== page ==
Dr. Chai: I would say that one “secret to success” may be our strategy to take both a bottom-up and a top-down approach to fostering integrity in scientific research. A good example of our bottom-up approach is the establishment of the ASEAN Young Scientists Network (ASEAN YSN), which aims to build connectivity, nurture leadership, and foster research integrity among the young scientific community. The bottom-up approach seeks to educate and raise awareness, and this is achieved through ASEAN YSN’s flagship programs, including the ASEAN RCR Program. Through the ASEAN YSN, we hope to build a platform where talented young scientists and researchers around the region can work together to establish a strategic framework that advances science and promotes RCR in Southeast Asia.

In tandem, the top-down approach focuses on engaging government and public stakeholders at the national, regional and international levels. To effect the change that is needed to support and strengthen research integrity, RCR needs to be embedded within national and regional policies. Through our active engagement with government and public stakeholders, we have achieved important outcomes, such as contribution to the publication of the Malaysian Code of Responsible Conduct in Research (2nd Ed, 2021). At the regional level, recognition and approval of the ASEAN RCR Program by the ASEAN Committee on Science and Technology is another important achievement.

Q: Looking ahead, are there new or emerging areas within the field of research integrity that you might like to touch on?

Dr. Chai: One area that is emerging in our region is the open science movement, which is perhaps more established in other regions such as Europe. The open science movement advocates for open dissemination of, and access to, all scientific knowledge and data. While open science may encourage transparency, there could also be different view-points among stakeholders on what data should or should not be made publicly available. More dialogue and discussion among all stakeholders would help in the exchange of perspectives on how open science and open data could be effectively managed.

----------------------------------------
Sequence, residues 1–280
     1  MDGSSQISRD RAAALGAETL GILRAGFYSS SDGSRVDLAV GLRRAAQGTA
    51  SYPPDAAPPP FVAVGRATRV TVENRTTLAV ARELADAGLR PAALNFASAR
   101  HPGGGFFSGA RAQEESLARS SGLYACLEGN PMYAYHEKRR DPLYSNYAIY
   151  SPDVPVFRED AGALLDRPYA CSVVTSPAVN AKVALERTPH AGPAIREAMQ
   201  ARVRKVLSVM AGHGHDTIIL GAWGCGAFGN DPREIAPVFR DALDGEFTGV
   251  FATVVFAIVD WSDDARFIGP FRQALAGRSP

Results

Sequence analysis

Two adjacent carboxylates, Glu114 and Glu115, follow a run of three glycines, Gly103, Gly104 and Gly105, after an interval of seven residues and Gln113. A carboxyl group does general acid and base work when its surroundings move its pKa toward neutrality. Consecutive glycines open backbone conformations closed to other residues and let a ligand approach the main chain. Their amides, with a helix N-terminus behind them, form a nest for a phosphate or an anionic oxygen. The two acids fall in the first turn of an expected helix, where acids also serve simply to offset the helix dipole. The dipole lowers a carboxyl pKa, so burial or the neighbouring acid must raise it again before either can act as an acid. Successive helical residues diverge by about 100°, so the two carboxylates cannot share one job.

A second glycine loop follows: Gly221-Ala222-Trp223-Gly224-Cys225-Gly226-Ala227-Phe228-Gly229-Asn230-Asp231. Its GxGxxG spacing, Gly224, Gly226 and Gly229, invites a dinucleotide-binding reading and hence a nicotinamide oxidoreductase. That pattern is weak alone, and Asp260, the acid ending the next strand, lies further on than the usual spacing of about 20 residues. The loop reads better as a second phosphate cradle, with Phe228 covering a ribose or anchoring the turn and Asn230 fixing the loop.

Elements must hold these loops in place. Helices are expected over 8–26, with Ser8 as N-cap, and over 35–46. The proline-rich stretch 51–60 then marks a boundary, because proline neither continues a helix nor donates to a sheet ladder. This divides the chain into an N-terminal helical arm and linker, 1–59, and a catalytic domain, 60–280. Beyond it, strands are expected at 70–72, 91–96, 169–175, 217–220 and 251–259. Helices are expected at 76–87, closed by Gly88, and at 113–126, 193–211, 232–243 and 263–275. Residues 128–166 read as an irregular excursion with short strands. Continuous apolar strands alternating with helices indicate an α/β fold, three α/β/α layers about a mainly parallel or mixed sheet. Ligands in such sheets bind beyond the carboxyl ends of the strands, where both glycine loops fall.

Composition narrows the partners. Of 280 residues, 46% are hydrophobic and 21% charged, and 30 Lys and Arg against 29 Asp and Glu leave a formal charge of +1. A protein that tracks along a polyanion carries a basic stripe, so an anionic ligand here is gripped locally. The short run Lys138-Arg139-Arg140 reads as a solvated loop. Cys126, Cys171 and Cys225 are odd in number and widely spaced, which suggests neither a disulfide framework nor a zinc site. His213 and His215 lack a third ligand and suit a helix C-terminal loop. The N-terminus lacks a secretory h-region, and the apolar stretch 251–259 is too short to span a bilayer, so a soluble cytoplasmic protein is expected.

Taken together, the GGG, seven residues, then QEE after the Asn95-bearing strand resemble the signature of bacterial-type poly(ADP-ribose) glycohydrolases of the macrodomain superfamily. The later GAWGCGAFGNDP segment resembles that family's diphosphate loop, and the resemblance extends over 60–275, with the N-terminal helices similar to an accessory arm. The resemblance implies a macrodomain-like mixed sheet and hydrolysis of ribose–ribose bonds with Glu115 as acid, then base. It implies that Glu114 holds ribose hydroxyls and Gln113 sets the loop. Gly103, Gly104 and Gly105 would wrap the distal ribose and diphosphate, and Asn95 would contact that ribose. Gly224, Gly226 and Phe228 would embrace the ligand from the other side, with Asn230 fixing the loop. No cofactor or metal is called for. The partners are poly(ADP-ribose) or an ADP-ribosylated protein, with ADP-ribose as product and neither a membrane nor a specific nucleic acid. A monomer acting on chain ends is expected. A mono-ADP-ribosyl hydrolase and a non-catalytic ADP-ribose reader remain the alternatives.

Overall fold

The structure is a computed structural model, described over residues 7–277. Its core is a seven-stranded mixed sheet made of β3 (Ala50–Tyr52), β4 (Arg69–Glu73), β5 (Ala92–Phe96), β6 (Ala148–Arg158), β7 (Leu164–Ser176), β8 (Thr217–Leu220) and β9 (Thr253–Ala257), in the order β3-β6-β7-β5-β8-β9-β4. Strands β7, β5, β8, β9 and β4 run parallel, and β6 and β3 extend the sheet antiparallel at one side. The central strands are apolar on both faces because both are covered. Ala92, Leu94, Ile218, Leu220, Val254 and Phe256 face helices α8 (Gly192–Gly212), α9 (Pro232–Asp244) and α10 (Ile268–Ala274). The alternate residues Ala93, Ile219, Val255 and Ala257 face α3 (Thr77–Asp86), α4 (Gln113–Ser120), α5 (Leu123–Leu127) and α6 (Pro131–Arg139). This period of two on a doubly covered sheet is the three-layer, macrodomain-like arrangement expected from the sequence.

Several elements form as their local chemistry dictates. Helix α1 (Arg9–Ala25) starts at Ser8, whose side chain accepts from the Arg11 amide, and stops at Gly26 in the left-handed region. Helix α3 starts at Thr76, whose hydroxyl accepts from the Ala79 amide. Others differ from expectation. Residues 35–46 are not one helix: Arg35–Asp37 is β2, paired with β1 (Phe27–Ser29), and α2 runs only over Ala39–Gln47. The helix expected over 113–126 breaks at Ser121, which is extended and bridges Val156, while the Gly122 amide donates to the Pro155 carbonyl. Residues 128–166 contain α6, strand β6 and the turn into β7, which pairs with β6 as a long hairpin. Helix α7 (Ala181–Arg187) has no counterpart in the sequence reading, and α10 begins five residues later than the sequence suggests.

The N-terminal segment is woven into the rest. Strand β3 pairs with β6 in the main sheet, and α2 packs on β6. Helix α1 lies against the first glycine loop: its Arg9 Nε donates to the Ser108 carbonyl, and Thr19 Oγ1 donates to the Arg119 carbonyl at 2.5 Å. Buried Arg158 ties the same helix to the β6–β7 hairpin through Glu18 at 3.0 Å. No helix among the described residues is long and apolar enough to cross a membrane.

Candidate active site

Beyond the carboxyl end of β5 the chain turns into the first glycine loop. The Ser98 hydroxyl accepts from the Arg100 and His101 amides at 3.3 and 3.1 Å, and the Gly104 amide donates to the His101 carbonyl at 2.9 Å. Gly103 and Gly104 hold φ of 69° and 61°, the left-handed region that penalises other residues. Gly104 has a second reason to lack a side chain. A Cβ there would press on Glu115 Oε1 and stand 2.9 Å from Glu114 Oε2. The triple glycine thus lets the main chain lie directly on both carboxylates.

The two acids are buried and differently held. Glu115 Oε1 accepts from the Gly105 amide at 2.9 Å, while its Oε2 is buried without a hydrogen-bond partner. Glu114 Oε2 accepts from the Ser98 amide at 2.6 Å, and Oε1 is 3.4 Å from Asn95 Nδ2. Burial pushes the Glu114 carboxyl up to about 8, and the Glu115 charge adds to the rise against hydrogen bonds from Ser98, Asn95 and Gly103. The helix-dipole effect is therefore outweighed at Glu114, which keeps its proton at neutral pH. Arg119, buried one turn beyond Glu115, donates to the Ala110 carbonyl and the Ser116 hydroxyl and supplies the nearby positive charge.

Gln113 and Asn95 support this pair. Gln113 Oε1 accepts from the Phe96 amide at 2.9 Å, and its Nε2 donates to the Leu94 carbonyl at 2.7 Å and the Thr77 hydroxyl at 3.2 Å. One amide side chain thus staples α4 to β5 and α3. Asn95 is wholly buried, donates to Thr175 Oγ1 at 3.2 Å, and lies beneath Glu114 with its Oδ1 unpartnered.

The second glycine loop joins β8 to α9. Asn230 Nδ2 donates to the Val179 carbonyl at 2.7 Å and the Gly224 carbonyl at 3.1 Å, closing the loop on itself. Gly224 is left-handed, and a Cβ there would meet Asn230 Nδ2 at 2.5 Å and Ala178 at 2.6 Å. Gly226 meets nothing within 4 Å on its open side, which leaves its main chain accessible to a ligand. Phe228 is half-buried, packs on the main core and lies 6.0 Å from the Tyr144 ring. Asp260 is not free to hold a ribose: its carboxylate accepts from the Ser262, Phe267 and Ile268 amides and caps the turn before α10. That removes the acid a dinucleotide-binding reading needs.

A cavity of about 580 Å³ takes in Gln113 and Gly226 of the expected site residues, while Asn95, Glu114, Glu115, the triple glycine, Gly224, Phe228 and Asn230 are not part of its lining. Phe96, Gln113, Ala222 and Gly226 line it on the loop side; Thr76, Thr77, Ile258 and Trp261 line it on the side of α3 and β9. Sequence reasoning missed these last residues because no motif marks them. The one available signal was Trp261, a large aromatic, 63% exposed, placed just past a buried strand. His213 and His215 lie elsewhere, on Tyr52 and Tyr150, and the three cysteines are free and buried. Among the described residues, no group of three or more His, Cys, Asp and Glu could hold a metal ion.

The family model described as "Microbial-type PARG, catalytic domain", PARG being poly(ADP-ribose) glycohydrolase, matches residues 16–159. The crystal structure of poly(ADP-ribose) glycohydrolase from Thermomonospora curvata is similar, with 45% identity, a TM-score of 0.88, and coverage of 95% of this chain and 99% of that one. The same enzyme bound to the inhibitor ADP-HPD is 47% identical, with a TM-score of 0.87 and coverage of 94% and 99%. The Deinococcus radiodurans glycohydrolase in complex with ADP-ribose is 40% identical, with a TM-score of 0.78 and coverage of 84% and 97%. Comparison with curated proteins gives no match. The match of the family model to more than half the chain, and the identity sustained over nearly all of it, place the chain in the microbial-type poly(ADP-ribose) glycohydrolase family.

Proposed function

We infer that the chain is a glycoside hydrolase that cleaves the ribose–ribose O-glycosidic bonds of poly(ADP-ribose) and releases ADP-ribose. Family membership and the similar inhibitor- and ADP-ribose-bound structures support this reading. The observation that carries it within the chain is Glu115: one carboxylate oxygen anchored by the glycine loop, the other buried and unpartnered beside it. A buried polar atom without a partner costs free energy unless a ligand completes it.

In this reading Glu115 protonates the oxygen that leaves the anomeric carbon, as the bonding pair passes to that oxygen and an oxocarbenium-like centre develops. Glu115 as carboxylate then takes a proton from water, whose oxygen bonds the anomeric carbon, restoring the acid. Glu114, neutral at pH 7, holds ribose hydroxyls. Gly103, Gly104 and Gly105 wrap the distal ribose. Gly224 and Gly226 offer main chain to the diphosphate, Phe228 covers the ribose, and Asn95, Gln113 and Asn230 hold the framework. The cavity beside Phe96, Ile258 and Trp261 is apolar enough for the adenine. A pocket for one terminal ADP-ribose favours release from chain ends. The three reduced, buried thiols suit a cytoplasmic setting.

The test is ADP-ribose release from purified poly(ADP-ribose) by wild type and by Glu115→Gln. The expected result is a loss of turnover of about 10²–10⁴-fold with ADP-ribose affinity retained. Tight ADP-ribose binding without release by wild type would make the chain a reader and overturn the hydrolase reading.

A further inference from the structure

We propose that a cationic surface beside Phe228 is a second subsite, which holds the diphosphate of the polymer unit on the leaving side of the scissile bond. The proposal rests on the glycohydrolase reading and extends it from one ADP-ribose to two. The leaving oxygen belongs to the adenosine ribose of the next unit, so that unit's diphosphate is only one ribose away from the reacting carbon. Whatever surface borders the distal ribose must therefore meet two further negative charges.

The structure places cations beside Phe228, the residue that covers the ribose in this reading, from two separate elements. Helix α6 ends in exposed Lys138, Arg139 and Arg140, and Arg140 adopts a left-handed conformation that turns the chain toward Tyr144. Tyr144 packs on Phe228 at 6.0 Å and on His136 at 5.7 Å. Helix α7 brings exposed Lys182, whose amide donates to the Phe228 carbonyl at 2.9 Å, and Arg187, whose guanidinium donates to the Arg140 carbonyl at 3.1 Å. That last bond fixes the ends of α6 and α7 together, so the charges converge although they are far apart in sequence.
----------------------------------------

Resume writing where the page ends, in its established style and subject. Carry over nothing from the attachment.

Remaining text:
Conflict of interest (COI) is another topic that could be further explored. Although COI is not a new issue, it is increasingly relevant due to the growing importance of public-private partnerships in scientific research and translational science. While there is currently no consensus on how to define COI, perhaps one approach could be to look at how COI is managed and communicated, within the context of multi-stakeholder collaborations, such as public-private partnerships, in science and research.

Ethical and safety concerns in emerging technologies which have seen active research and development globally, such as gain-of-function research that involves genetic modification of crops and food animals, lab-grown meat, insect proteins etc, also need to be addressed. Some questions to be asked include: What are the risks of genetic modification to nature? How should safety be assessed and what would be considered safe? How should risks be governed and mitigated? Researchers not only need to ensure that food-based research is designed and conducted with the highest standards of integrity, it is also critical to avoid potential misinformation or disinformation that may result in negative impact on public health.